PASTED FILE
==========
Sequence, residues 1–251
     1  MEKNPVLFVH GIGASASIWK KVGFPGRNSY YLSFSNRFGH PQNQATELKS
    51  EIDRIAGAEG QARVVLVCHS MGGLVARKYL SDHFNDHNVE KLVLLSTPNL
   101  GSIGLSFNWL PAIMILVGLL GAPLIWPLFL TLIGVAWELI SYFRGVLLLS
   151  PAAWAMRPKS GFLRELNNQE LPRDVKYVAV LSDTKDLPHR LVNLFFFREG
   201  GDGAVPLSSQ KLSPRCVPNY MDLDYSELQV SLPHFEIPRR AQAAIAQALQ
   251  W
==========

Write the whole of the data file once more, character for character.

Sequence, residues 1–251
     1  MEKNPVLFVH GIGASASIWK KVGFPGRNSY YLSFSNRFGH PQNQATELKS
    51  EIDRIAGAEG QARVVLVCHS MGGLVARKYL SDHFNDHNVE KLVLLSTPNL
   101  GSIGLSFNWL PAIMILVGLL GAPLIWPLFL TLIGVAWELI SYFRGVLLLS
   151  PAAWAMRPKS GFLRELNNQE LPRDVKYVAV LSDTKDLPHR LVNLFFFREG
   201  GDGAVPLSSQ KLSPRCVPNY MDLDYSELQV SLPHFEIPRR AQAAIAQALQ
   251  W